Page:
Caddie Confidential: A lawsuit, a copperhead and pizza!

The Copperhead Course, which hosts the Valspar Championship this week on the PGA Tour, is a rare venue in Florida that includes elevation changes. Sam Greenwood/Getty Images

This week we start with a lawsuit appeal. I didn't ask if this caddie is part of the lawsuit; to me, it doesn't matter because every caddie has an opinion on it regardless. And wait until you read where this caddie ranks the Copperhead Course, host of this week's Valspar Championship.

Finally, we close with two of my favorite things: the mental part of caddying and food. Enjoy!

Collins: The caddie lawsuit appeal gets filed Monday, then an apparent meeting with the tour and a caddie rep gets cancelled. Thoughts?
Caddie: Well, I was 50-50 on whether they would sit down after the appeal was filed. But [the tour] knew that [the caddies] were appealing it, and they wanted to talk. It's not like [the caddies] went to them. [The tour] reached out to [the caddies] ... I think the outcome [of the appeal] will be pretty good [for the caddies].

Collins: Let's talk about the Copperhead Course. For people who've never been there, what should they know? What makes this course special?
Caddie: It's got elevation changes. All the other golf courses [in Florida on tour] are flat, so I think that's probably the biggest thing. You've got key holes that are very difficult to get through ... for example the Snake Pit. [It's] very similar to the Bear Trap [at the Honda Classic]. But not as difficult as the Bear Trap ... When you get on 16 with a 1-or-2 shot lead, you're definitely thinking, "I got to get this ball in the fairway" ... And the wind is usually blowing 15-20 here, so it's one of my favorite golf courses in the state.

Collins: Why does this tournament always seem to have the weakest field of the Florida swing?
Caddie: You got Nicklaus doing PGA National [for the Honda Classic]. And it's right before Doral, which is a WGC event, so they always get a strong [showing], especially with the European Tour players. And then you got Arnold [Palmer's event], so I know you know everyone wants to play Arnold's Bay Hill and support his tournament. And then you have Innisbrook, which is kind of like the ugly stepchild! But you know what? Honestly to me it's the best of the four courses. So you still get good players [to] show up here time in and time out. You know they did a little rehab to the golf course. Not much but ... the greens are back to their original sizes.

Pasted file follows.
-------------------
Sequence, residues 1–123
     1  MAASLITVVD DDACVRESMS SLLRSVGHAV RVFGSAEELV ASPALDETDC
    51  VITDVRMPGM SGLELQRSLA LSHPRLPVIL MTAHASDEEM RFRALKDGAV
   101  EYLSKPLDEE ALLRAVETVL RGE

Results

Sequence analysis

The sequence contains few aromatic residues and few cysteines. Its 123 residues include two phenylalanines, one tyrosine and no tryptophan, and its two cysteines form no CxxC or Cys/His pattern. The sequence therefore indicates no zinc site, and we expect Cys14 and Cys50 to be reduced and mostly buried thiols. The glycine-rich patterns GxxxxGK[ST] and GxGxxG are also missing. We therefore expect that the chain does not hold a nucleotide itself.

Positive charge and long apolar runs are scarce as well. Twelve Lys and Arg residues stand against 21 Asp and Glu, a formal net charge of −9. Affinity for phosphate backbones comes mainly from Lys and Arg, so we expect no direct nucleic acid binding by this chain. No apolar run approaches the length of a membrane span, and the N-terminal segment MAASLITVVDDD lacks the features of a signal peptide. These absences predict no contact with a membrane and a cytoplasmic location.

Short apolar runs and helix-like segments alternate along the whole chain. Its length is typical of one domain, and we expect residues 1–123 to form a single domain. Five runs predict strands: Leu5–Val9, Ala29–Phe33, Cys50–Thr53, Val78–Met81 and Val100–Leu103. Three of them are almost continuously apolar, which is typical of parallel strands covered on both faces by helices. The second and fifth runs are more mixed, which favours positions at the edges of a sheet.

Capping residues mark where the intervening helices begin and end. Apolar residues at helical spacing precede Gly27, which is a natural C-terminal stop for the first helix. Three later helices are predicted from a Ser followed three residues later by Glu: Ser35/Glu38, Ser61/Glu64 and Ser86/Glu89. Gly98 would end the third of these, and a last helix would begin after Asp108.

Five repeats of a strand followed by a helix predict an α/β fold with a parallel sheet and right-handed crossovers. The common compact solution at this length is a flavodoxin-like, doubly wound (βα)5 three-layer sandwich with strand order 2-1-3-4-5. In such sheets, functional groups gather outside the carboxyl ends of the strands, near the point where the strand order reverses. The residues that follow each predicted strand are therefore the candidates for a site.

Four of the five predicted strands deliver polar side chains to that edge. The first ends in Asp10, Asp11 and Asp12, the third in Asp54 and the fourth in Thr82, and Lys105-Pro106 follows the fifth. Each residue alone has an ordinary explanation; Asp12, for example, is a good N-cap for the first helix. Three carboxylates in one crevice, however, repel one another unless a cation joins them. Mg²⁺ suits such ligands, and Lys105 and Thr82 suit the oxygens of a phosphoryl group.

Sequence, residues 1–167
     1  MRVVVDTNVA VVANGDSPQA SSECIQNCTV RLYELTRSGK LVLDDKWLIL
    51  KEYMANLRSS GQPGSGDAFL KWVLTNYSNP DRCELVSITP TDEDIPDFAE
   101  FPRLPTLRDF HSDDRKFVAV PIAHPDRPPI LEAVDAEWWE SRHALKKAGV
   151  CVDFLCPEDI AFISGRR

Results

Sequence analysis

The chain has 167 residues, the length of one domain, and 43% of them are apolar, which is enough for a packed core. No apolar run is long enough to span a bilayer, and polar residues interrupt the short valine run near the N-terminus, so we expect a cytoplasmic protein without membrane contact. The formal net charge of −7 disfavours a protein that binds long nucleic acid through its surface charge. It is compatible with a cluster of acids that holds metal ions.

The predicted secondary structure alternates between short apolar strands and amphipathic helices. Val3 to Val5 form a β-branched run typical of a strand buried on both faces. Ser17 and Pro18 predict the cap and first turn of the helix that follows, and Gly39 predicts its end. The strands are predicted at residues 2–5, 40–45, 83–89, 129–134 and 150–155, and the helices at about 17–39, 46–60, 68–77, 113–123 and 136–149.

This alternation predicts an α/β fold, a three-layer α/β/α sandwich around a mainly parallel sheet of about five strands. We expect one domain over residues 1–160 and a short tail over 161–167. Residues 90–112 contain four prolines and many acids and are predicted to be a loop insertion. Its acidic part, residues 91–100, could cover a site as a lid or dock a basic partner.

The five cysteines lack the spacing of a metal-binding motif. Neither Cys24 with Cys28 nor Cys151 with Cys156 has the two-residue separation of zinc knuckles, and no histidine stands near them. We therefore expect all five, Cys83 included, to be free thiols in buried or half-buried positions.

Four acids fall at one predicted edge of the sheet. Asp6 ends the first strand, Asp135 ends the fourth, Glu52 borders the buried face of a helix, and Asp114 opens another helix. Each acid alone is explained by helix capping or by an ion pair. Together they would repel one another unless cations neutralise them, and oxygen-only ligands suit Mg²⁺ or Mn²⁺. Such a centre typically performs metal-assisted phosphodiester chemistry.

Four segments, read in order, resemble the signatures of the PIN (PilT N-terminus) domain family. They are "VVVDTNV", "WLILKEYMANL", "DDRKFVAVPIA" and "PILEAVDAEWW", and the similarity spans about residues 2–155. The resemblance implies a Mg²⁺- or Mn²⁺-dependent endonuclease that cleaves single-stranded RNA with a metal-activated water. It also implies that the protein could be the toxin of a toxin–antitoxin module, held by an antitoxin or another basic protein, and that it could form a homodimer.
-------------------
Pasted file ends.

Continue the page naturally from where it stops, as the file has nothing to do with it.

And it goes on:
Collins: What about this course keeps the winning score so high?
Caddie: We got rough around the greens and off the fairways, [so] you get into small greens that are usually hard with swirling winds ... That'll contribute to keeping scores not as low as normal. And normally we don't have rough on the PGA Tour.

The golf course is set up for bombers. It's set up for the bombers almost every week. Unless you get a golf course like this or Hilton Head [or] Colonial ... you know, where they're a little bit handicapped [for land]. But normally bombers take out driver, hit it everywhere, and wedge it on the green. This golf course? Not so much.

Collins: What's the hardest part about caddying this week?
Caddie: The mental aspect.
Collins: Okay, so which part? Tee ball, second shots or around the greens?
Caddie: Well, what about if [you pro is] struggling at home with his wife? There could be other things ... you're thinking maybe [it's] on the golf course, but what about things at home or maybe a friend is sick? What about family matters? There's so many different things, so players can be a little temperamental.

Collins: Wow, great answer. So out of all those things ... Most challenging thing for the caddie to deal with mentally?
Caddie: Mentally? Honestly, it's a psychology game and when I am dealing with that, I get my player off that thought process. I talk about all the positive things in his life to get him away from the negative. So let's say he struggling with his girlfriend, or his wife, or his dad is sick or something like that. I talk about all the great things in his life. Get his mind in the happy place. Just like that movie "Happy Gilmore."

"Go to your happy place." If you have your mind in a happy place, usually, happy players play the best.

Collins: [Sarcastically] It's amazing how that happens!
Caddie: [Also sarcastically] Isn't it? How many players do you see playing bad with a sourpuss face on? The guys that are smiling and enjoying themselves are usually the guys that play the best ... In all sports, the guys that are happy are usually playing their best ... I'm a firm believer.

If I look at all the great athletes over time, they enjoyed what they're doing. So if a player's mind is not in the right place, your job is to get the player's mind in the right place ... I think the best caddies on tour are the one to have a great relationship with their players [and] that know the right things to tell him to get their mind in the right spot. Keep their mind out of whatever negativity is going on in their life.

Collins: Where's "the spot" this week?
Caddie: Gino's Pizza!
Collins: How funny is it that? If you asked a caddie that question in 1990, they probably give you the name of a strip club or a dive bar. So Gino's has good Italian food?
Caddie: Pizza! N.Y. style pizza. You don't go to a steakhouse and order fish, do ya?! I don't eat bad pizza so ... Anyone who eats with a fork and a knife to cut a pizza? puh-lees! They can go.
Collins: Stop before you get us both in trouble! Let's go eat.